An Introduction to VAT

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Everyone has probably heard about VAT but it is perhaps not something that everyone will understand how it functions. In the first of this three-part series on VAT, I talk about the basics of what it is and who pays it.

What is it?

First of all, VAT stands for Value Added Tax. It is applied to sales of all goods and services within the UK. The idea is that whenever value is added to something, the government will take a cut of this value as a tax.

Who pays it?

The end consumer will usually bear the full burden of the tax and this is because companies – as long as they are VAT registered – can reclaim any VAT that they pay on their purchases.

An example of the VAT chain

An example might help to make this clearer. Let’s say that JK Rowling buys a TV. She’s been doing ok for herself, so let’s say she buys herself one of those Samsung 85 inch Smart TVs that have been advertised which retails for just £15,000*. She may have decided that she wants to watch all the Harry Potter films on a large screen.

She buys this from a retailer called TV Shop. The current VAT rate is 20% which is added on top of the actual sales price set by the store.

The retailer is therefore actually selling the TV for £12,500 and then adding 20% of the value on top of this, which works out to be £2,500, to make the sales price of £15,000. The £12,500 will go to TVs R Us and the £2,500 will go to HMRC.

If you want to calculate this, the formula is £15,000 / 120 x 100. This is because the total sales value is 120% of what the company have set.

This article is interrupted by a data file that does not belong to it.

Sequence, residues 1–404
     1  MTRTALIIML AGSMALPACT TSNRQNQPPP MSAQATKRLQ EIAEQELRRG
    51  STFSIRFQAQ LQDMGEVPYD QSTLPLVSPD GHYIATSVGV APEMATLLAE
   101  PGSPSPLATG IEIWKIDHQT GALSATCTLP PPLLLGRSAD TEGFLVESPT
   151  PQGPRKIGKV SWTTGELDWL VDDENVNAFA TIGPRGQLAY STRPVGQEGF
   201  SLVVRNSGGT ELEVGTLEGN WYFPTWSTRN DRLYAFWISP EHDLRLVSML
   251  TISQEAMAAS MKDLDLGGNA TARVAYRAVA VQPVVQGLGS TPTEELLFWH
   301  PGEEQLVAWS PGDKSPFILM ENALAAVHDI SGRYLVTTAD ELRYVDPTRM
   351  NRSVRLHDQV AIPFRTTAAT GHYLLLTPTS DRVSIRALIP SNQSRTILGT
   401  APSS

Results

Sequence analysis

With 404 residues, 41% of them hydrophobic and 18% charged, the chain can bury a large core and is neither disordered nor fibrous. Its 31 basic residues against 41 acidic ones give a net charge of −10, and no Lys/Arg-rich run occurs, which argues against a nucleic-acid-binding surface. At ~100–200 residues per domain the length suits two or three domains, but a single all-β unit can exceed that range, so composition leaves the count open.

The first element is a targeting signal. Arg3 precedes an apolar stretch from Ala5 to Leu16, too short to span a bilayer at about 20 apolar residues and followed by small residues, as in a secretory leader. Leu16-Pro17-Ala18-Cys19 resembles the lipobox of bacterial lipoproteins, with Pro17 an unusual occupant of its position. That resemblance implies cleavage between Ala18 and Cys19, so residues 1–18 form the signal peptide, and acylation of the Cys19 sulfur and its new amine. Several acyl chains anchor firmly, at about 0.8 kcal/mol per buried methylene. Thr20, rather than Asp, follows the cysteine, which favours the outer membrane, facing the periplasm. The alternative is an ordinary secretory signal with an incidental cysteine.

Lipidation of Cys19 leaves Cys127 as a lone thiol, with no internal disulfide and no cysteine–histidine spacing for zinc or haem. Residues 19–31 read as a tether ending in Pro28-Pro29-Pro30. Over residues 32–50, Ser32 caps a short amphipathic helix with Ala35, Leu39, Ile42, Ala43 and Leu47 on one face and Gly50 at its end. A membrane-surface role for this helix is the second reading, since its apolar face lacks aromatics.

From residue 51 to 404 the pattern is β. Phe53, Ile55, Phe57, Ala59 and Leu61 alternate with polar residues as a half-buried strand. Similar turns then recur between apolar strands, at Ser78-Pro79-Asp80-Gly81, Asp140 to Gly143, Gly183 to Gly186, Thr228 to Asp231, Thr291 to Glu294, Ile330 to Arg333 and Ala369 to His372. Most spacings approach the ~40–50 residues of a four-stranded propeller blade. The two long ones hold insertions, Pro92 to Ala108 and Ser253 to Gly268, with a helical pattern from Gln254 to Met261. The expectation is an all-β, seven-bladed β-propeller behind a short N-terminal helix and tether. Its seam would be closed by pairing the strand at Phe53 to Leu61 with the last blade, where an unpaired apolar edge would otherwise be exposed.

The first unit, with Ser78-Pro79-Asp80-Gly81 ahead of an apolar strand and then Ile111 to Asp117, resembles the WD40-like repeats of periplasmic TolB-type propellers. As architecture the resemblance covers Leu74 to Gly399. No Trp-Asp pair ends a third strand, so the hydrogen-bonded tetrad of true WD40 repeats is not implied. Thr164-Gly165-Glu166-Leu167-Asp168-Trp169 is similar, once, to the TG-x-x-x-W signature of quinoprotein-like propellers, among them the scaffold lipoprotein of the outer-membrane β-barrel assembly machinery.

Let us assume that TV Shop bought the television from Samsung directly for £7,200 including VAT. So the amount that Samsung get to keep is £6,000 (£7,200 / 120 x 100) with the other £1,200 – 20% of the price that Samsung charge – going to the tax man.

TV Shop will be able to reclaim the £1,200 that they paid in VAT from HMRC. This is known as Input Tax and it will offset against output tax, which is the £2,500 which they claimed in VAT from JK Rowling.

Summary

For the sake of simplicity, we will assume that Samsung made all of the parts themselves. The VAT situation of each of the parties is therefore as follows:

  • JK Rowling paid £2,500 in VAT and was not able to reclaim any.
  • TV Shop received £2,500 in VAT from JK Rowling, but paid £1,200 in VAT to Samsung. They will make a net payment of £1,300 to HMRC.
  • Samsung received £1,200 in VAT which they will pay to HMRC.
  • In total, HMRC received £2,500 from TV Shop and £1,200 from Samsung although they refunded all of this £1,200 to TV Shop.

VAT is always added onto the price that a seller wants to receive for their goods or services.

The diagram below should hopefully help to demonstrate this process. Hopefully that has been useful to you in understanding the mechanisms behind VAT. In the next article, I will discuss different VAT rates, when you are legally required to register for VAT and when you might decide to do so voluntarily.

* Please note other ridiculously expensive television sets are available.

One Comment on “An Introduction to VAT”

  1. Pingback: VAT Basics - Part 2 - Anderson Accounts

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